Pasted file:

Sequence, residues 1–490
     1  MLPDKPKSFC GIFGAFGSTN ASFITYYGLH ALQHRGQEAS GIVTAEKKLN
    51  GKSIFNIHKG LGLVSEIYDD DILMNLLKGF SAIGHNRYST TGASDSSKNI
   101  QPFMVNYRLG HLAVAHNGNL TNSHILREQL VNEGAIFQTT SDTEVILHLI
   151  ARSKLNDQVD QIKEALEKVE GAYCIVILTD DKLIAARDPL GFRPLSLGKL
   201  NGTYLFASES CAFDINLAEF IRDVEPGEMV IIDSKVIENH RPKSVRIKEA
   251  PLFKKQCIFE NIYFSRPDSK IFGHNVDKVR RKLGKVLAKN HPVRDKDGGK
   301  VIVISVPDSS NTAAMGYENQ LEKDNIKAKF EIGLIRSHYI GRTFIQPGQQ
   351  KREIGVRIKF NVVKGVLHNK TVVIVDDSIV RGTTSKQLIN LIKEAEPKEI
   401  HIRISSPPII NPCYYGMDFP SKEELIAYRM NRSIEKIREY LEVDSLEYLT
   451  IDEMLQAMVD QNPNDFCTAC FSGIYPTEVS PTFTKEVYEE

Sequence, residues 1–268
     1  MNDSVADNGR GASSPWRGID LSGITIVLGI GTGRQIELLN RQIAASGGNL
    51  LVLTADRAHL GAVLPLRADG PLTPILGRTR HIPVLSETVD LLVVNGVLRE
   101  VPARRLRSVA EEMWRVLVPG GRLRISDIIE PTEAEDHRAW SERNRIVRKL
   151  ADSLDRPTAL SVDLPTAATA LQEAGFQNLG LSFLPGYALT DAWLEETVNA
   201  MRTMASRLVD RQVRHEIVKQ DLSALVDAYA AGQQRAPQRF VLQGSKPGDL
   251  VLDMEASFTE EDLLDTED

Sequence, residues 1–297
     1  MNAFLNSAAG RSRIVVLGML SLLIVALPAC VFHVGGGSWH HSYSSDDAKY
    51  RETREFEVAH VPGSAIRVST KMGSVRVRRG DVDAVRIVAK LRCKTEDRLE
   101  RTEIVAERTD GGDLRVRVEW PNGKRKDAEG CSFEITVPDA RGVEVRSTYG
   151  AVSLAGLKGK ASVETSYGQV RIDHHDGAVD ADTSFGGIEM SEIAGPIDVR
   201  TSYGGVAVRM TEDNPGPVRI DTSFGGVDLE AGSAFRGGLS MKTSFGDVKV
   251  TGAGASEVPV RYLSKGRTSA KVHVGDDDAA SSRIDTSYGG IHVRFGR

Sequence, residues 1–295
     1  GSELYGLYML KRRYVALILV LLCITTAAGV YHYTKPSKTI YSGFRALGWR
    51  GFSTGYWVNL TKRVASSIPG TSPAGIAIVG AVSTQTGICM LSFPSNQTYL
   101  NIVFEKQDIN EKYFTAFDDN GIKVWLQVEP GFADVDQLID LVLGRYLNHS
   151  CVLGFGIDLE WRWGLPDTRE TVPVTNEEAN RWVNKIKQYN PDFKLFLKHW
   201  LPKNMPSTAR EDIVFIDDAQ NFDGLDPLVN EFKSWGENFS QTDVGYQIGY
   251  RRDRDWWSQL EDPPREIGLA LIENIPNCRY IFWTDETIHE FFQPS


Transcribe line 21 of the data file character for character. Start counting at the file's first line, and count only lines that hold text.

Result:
    51  RETREFEVAH VPGSAIRVST KMGSVRVRRG DVDAVRIVAK LRCKTEDRLE